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Jun 03 2012

Everywhere I Go Again

More doors from my (local) travels…

This is the main entrance to a bar in Boston.  I guess it’s not considered a nightclub, or it would have to comply with the revised requirements for nightclubs in Massachusetts.  The three locks are not code-compliant regardless, but I wonder how the codes define a nightclub.  Anyone know?

This is a restaurant entrance pair and although they’re not necessarily a code problem, they’re hideous!  If the plates are holding the doors together, it’s time for new doors!

An inexpensive hold-open:

I never would have thought that a lock with an indicator would require so much explanation:

Here’s another bathroom door…6 stalls, panic hardware, and a deadbolt.  Why?

And finally, one of my favorite BBQ restaurants needs a longer panic device for its main entrance.  The door is more than 3′ wide, and the device that’s installed is for a 3′ door.  Since the codes require the actuating portion of the device to be at least half the width of the door, this one isn’t wide enough.

I see interesting doors every day, so stay tuned for more!

12 Responses to “Everywhere I Go Again”

  1. Cda says:

    Base black and white ibc:::;

    Code does not care either a-2 over 50 people or b under 50 people


    303.1 Assembly Group A. Assembly Group A occupancy includes, among others, the use of a building or structure, or a portion thereof, for the gathering of persons for purposes such as civic, social or religious functions; recreation, food or drink consumption or awaiting transportation.


    1. A building or tenant space used for assembly purposes with an occupant load of less than 50 persons shall be classified as a Group B occupancy.
    2. A room or space used for assembly purposes with an occupant load of less than 50 persons and accessory to another occupancy shall be classified as a Group B occupancy or as part of that occupancy.
    3. A room or space used for assembly purposes that is less than 750 square feet (70 m2) in area and accessory to another occupancy shall be classified as a Group B occupancy or as part of that occupancy.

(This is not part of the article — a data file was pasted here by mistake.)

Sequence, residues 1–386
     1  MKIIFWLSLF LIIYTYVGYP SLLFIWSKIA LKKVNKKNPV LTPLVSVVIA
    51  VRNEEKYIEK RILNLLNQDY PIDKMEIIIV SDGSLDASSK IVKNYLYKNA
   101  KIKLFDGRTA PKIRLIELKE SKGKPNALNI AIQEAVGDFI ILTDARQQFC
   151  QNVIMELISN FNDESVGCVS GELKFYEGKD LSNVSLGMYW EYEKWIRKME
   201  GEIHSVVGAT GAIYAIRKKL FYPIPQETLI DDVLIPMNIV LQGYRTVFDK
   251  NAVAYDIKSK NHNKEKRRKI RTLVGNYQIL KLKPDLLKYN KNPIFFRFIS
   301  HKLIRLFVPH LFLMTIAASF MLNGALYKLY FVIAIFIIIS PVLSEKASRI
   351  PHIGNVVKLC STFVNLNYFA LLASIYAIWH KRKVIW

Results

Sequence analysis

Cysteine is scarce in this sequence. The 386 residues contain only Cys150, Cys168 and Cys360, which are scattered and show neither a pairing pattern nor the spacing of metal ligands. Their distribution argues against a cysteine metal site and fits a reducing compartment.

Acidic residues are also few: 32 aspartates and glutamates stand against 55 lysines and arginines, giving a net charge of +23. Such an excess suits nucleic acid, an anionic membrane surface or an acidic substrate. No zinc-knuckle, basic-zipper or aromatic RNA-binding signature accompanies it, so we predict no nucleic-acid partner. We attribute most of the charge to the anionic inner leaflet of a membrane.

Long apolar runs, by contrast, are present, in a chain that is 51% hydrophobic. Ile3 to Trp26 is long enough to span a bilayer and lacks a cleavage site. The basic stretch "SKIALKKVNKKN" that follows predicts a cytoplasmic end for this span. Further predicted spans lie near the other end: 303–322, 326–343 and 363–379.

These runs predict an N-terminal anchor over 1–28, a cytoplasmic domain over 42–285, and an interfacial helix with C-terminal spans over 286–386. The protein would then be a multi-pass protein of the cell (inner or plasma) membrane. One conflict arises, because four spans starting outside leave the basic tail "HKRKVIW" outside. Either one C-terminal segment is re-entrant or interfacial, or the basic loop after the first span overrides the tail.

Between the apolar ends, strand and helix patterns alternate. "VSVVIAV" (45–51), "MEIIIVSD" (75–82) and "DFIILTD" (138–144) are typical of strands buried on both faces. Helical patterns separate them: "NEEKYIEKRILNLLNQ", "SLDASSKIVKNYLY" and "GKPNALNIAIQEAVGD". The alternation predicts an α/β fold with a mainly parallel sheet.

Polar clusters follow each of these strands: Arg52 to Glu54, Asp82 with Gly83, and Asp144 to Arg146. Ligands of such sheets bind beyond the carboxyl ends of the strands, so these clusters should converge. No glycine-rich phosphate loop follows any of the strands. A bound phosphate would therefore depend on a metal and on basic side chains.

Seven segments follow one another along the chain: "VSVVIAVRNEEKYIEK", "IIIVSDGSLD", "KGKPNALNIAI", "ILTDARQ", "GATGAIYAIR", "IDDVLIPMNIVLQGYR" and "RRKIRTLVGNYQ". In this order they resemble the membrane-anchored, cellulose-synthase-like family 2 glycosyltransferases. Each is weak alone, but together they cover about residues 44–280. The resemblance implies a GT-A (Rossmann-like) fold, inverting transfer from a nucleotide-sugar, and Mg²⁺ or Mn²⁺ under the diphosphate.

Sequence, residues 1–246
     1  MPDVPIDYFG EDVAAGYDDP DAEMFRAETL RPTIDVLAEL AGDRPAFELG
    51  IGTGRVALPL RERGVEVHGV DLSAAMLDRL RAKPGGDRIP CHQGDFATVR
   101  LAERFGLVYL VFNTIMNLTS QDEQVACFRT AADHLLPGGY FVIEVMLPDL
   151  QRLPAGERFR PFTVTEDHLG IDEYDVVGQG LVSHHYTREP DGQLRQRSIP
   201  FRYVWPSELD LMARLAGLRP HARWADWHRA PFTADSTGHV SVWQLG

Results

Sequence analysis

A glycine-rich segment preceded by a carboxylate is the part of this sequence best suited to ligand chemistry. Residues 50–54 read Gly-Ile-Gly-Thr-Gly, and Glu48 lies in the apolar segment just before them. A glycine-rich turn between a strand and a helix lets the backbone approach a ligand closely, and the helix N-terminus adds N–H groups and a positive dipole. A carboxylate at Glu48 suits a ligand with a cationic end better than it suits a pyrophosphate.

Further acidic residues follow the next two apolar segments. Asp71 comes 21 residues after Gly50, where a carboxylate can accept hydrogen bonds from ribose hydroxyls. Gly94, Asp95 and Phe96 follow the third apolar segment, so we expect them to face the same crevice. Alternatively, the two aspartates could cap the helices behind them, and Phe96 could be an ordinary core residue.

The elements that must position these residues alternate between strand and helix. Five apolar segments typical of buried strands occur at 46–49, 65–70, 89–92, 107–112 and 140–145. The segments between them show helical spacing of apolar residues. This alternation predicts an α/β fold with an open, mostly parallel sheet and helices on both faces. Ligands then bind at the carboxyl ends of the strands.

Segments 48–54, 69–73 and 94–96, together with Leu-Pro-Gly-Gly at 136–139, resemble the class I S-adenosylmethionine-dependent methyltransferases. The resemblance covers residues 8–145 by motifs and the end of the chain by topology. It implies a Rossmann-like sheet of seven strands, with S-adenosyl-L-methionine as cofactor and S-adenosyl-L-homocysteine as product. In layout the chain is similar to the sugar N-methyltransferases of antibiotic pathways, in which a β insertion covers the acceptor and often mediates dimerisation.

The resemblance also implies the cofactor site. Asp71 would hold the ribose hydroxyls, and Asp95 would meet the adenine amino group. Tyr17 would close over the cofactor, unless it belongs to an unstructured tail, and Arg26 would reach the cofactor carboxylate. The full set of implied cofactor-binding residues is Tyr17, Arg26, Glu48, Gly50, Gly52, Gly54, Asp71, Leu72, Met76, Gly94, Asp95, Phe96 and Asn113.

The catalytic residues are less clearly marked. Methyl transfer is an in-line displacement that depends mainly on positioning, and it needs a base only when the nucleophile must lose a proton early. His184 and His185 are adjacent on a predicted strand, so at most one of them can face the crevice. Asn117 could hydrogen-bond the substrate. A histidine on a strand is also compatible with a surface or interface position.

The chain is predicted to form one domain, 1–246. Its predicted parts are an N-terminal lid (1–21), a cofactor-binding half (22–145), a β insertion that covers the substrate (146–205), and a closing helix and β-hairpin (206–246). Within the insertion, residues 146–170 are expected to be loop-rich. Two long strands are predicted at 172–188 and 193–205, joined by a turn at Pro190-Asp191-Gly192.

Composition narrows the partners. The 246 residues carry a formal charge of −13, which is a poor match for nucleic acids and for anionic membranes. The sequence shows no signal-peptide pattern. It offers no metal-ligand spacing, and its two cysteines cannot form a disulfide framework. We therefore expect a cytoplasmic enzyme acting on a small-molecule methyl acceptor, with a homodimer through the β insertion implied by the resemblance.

4. Assembly areas that are accessory to Group E occupancies are not considered separate occupancies except when applying the assembly occupancy requirements of Chapter 11.
    5. Accessory religious educational rooms and religious auditoriums with occupant loads of less than 100 are not considered separate occupancies.

    Assembly occupancies shall include the following:

    A-1 Assembly uses, usually with fixed seating, intended for the production and viewing of the performing arts or motion pictures including, but not limited to:

    Motion picture theaters

    Symphony and concert halls

    Television and radio studios admitting an audience


    A-2 Assembly uses intended for food and/or drink consumption including, but not limited to:

    Banquet halls

    Night clubs


    Taverns and bars

    A-3 Assembly uses intended for worship, recreation or amusement and other assembly uses not classified elsewhere in Group A including, but not limited to:

    Amusement arcades

    Art galleries

    Bowling alleys

    Community halls


    Dance halls (not including food or drink consumption)

    Exhibition halls

    Funeral parlors

    Gymnasiums (without spectator seating)

    Indoor swimming pools (without spectator seating)

    Indoor tennis courts (without spectator seating)

    Lecture halls



    Places of religious worship

    Pool and billiard parlors

    Waiting areas in transportation terminals

    • Lori says:

      Thanks Charles. I see the definition of an A-2 occupancy – an Assembly use intended for food or drink consumption. But the code language in the Mass State Building Code applies to nightclubs only – Use Group A-2nc. I have not been able to find a definition of A-2nc. What’s the difference between a nightclub and a tavern/bar?